Marginal tax can hurt cities, states, says Berkshire Hathaway’s Munger

Fred Imbert, CNBC
Published 11:04 a.m. ET Feb. 15, 2019 | Updated 3:13 p.m. ET Feb. 15, 2019

Charlie Munger, Warren Buffett’s right-hand man at Berkshire Hathaway, said that places like California and Connecticut have been very “stupid” for driving rich people away from their states.

“It’s been serious. Driving the rich people out is pretty dumb if you’re a state or a city,” Munger told CNBC’s Becky Quick in an interview Thursday. “There are a number of places that have shot themselves in the foot; Connecticut, California, New York City.”

Munger was answering a broader question, in the wake of Amazon ditching its New York City headquarters plans, about whether some cities and states need to make their tax structures and regulations more attractive to wealthy individuals and businesses.

In Connecticut, “they’ve driven out all the rich people. California is doing the same thing. I know a lot of rich people who have left California,” Munger added. “I think it’s really stupid for a state to drive the rich people out. “They are old, they keep your hospitals busy, they don’t burden your schools, police departments or prisons. Who wouldn’t want rich people?”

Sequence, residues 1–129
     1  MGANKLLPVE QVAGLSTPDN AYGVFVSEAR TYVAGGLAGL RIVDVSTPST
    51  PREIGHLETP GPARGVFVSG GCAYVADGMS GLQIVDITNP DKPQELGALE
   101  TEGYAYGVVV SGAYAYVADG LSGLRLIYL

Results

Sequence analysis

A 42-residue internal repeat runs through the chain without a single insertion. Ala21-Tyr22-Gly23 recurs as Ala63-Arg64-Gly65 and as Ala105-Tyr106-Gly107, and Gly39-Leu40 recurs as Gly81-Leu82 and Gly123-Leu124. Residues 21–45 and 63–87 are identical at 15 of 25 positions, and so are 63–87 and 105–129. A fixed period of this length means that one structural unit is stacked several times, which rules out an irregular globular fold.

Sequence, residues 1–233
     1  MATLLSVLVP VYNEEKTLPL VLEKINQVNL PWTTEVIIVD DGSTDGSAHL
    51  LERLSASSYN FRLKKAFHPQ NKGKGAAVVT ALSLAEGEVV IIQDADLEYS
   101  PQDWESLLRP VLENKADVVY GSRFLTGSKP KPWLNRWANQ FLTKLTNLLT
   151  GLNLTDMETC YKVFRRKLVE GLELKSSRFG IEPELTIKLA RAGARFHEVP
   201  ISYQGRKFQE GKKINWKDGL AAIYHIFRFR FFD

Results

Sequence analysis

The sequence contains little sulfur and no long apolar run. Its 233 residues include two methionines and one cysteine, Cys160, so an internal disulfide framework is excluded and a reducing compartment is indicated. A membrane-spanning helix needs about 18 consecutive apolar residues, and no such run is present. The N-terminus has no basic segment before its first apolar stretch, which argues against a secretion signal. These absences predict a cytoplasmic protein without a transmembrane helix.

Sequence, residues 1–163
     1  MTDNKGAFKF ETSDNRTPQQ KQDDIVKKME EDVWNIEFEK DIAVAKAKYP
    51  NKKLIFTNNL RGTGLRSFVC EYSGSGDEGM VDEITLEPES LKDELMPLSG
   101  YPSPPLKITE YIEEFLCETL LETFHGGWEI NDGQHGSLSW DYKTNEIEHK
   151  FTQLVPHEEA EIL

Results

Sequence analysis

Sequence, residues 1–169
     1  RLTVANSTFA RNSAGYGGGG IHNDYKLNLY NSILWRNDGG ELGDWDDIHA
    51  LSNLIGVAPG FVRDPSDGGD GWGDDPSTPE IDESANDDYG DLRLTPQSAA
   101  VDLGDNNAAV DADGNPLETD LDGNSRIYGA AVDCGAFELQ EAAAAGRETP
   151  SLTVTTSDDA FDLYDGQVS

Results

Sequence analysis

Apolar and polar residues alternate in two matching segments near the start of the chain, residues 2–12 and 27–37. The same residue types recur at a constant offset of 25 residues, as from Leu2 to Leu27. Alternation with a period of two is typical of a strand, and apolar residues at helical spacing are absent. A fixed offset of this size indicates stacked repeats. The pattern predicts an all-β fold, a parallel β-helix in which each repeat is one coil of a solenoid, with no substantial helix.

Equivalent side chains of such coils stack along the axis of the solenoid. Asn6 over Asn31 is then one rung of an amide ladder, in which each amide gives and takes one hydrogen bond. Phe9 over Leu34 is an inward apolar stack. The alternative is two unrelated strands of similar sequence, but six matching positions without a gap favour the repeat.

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California and Connecticut have two of the highest tax burdens in the country, according to WalletHub. The burden in California is 9.57 percent while Connecticut’s is 10.19 percent. To be sure, California is home to some of the largest companies in the world, including Apple and Facebook. Meanwhile, Connecticut is the home of some of the largest hedge funds in the world including Bridgewater Associates.

Recently, some lawmakers have been pushing for higher taxes on the wealthy, especially Rep. Alexandria Ocasio-Cortez, D-N.Y. Ocasio-Cortez has proposed a 70 percent marginal tax on incomes over $10 million in an effort to bridge the growing wealth gap between the rich and the poor.

But Munger thinks the divide will slowly bridge itself as interest rates are unlikely to go “much lower” from current levels. By slashing rates and implementing quantitative easing measures a decade ago, the Federal Reserve inadvertently bailed out the rich to help the poor during the financial crisis by boosting asset prices, Munger said.

“Nobody was doing that because they love the rich; they just didn’t have any other tools in the kit,” he said. The inequality that came from that “wasn’t malevolent and it was an accident and it probably won’t happen again.”


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